For people who wonder what’s the difference between sending the query this way and simply querying the agency, the difference is that it’s a bona fide CRITIQUE, not a form “this is not for us.” What an agent owes you for free is a YES or NO. I needed more than that.

    Could it have been cheaper? Certainly. But it isn’t an agent’s job to teach writers how to write queries, so it’s fair to charge more for something that you perhaps don’t enjoy doing. If she got 200 takers for $90, imagine how many queries she’d be critiquing if it had been $15.

    There are so many people out there willing to take your money for a manuscript assessment when the manuscripts are not even getting looked at. I think this was better value, and it was very professionally run.

  58. Anonymous said:

    I was able to view the archived version yesterday. I thought it was excellent, thanks so much for making this available!

    As for the ethics of charging for a class, I don’t see this as any different from my taking a class from any expert and submitting homework for feedback. It’s the same as taking a class from a professor and having my term paper graded. I take continuing professional education all the time.

    As for the total cost, it’s not just the expense of hosting a webinar involved here, or even developing the class (I’ve taught a few classes, and I’m amazed at how much time it takes to get ready for even a short class). Critiquing all these queries is going to take a lot of time, way more than just sending the form letter we’d likely get if we sent our queries in as they are, and more time than a verbal critique at a conference.

    So I’m completely fine with it. Other than, yes, it needed to be longer. ^_^


  59. Jim Johnson said:

    If you attended the webinar, you should have received an email with a link to the archived version. If you didn’t receive that email, I think WD has contact info on their website.

    If you didn’t attend the webinar, I noted that the materials are available on WD’s site at the same price as the original registration. It’ll give you access to the material for a year.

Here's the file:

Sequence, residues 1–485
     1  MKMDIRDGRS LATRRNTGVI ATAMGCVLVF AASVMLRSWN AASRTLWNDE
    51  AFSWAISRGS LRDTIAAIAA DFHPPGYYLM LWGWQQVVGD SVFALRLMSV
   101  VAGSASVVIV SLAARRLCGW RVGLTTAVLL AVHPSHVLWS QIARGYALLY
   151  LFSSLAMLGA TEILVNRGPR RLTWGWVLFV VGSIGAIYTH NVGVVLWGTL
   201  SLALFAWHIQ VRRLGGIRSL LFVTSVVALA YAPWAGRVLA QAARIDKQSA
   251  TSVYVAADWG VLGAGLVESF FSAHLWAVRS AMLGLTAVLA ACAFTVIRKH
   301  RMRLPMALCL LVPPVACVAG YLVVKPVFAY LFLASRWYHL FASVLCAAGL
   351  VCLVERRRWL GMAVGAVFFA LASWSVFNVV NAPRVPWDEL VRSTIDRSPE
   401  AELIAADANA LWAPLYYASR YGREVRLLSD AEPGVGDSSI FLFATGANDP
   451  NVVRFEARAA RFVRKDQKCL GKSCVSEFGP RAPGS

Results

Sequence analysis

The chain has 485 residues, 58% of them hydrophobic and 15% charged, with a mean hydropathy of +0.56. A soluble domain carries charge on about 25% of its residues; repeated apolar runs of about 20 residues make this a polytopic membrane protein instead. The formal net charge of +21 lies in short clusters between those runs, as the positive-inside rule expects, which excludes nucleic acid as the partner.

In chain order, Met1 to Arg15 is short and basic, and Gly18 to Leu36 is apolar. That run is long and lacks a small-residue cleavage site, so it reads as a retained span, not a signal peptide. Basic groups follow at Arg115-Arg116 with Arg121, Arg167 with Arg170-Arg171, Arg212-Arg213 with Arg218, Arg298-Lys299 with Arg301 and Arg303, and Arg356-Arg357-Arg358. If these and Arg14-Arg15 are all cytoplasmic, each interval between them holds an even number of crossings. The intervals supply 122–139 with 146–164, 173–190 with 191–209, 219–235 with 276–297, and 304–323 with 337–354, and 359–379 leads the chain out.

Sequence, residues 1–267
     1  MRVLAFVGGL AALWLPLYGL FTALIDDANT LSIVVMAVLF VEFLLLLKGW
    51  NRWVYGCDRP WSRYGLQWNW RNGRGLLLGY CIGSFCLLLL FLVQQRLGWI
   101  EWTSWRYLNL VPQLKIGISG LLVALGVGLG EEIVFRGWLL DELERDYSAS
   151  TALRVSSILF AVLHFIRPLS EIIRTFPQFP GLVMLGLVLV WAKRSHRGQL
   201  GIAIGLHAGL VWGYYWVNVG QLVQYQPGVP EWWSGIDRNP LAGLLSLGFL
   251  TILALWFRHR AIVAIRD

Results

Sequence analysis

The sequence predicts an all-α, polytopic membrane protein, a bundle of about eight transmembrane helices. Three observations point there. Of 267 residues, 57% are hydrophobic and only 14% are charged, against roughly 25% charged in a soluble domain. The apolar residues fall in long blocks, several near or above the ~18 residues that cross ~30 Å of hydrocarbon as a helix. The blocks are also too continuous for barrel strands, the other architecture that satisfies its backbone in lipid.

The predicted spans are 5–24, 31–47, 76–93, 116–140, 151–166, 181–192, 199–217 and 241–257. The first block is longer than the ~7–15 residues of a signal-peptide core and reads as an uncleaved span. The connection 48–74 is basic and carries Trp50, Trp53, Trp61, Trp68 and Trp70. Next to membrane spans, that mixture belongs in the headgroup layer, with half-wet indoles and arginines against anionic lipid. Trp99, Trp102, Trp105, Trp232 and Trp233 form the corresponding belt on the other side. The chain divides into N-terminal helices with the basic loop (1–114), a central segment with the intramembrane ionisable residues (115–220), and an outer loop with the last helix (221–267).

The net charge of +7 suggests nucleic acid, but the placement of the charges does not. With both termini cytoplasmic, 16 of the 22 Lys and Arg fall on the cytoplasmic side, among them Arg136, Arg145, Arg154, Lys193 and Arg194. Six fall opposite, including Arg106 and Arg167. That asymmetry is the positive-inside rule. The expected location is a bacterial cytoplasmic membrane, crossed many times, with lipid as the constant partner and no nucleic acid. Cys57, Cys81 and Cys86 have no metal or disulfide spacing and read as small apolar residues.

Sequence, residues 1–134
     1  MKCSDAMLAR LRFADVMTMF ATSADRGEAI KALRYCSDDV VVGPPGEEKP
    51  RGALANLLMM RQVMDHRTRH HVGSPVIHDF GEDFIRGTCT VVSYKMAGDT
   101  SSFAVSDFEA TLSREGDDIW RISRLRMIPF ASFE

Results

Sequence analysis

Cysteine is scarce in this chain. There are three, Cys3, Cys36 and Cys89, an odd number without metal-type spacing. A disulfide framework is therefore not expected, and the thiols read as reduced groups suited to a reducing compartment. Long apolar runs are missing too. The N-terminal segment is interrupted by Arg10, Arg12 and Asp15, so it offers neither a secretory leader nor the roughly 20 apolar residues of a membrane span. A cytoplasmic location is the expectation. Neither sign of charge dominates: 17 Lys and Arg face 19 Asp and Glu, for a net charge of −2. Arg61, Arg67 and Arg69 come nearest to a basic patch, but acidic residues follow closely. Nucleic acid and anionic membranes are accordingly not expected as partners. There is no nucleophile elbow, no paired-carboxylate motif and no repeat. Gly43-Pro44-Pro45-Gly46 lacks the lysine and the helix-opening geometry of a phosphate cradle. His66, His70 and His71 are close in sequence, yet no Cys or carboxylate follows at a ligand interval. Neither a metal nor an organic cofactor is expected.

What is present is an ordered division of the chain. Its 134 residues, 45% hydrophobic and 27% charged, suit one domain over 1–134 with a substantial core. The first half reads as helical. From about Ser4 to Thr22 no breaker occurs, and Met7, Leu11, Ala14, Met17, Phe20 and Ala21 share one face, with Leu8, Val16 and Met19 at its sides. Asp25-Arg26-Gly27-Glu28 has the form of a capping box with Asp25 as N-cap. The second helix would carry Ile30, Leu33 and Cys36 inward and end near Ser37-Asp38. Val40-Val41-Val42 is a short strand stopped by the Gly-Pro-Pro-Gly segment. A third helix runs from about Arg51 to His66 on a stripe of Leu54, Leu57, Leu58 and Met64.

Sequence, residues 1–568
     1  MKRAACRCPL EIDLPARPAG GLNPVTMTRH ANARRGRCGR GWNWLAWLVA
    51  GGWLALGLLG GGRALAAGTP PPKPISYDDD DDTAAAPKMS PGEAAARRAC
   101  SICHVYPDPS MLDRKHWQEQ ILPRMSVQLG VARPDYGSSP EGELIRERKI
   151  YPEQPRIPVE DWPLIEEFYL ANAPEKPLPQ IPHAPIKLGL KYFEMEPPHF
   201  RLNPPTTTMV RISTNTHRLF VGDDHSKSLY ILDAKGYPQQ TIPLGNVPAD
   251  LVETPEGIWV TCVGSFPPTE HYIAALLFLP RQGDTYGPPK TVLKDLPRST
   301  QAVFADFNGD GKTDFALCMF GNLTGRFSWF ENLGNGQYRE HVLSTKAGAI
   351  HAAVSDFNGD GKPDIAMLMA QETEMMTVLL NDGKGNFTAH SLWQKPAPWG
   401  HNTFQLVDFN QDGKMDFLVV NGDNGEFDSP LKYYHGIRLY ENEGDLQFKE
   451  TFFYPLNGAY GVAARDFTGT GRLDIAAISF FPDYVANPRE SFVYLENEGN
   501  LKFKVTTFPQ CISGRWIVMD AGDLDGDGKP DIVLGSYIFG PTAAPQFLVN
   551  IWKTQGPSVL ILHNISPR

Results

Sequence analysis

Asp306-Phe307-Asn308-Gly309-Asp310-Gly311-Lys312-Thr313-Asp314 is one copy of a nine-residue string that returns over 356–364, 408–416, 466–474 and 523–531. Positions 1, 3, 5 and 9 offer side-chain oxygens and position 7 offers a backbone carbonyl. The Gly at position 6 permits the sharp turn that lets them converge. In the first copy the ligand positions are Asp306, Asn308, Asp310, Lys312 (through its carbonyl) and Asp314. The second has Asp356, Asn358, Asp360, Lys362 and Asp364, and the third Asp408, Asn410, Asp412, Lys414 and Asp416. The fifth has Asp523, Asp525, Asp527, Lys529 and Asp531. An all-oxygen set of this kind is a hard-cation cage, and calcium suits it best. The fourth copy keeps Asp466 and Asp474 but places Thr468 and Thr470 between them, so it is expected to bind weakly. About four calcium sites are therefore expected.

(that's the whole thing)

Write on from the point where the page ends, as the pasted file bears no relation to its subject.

Hope this helps.

  60. Anonymous said:

    If you are looking for the archived version – registered participants got an email with instructions on how to access it last Wednesday.

  61. Kevin said:

    I sent in my pitch paragraph for the critique and got a standard rejection email the next day. Did anyone else have this happen?

  62. Anonymous said:

    I think the pitches should be sent to a separate email apart from the regular queries.

    I just received a form rejection and no crit, despite following directions.

    I understand my email was likely buried under a mountain of queries. I just think there needs to be better separation.

  63. Agent Kristin said:

    Kevin and Anonymous,
    We apologize for the mishaps with the Webinar pitch critiques. I’m sure you’ve resent already but if you haven’t, please resend and we’ll get that critique to you!

    Quite frankly, we thought we’d only receive about 50 pitches to critique. With 200, there was just more room for mishap. Sorry about that!

  64. Rebecca LuElla Miller said:

    I hoped to participate in your webinar, Kristin, but because of tech deficiencies, I was not able to.

    I see nothing wrong with agents teaching, whether in person or online. Clearly the instruction and query critique were not requirements for writers to get their work to you. As an earlier commenter said, the query could accurately be viewed as homework.

    Over and over we’ve been told to beware of agents charging a reader fee. Teaching a webinar is something entirely different, and writers ought to be discerning enough to tell the difference!

    As to the money, I’m glad it was lucrative for those putting it on because that means there may be more of like kind.

    I don’t think people who believed you made a killing realize that other people needed to get paid, too–like the tech guy you said was with you the whole time. And that it wasn’t “just” an hour and a half of your time.

    I can’t help but think that 200 writers participated instead of the 50 you expected in part because of the free advice you give out regularly here on your blog. You’ve built a trusted following, so what you made is still probably less than what you deserve.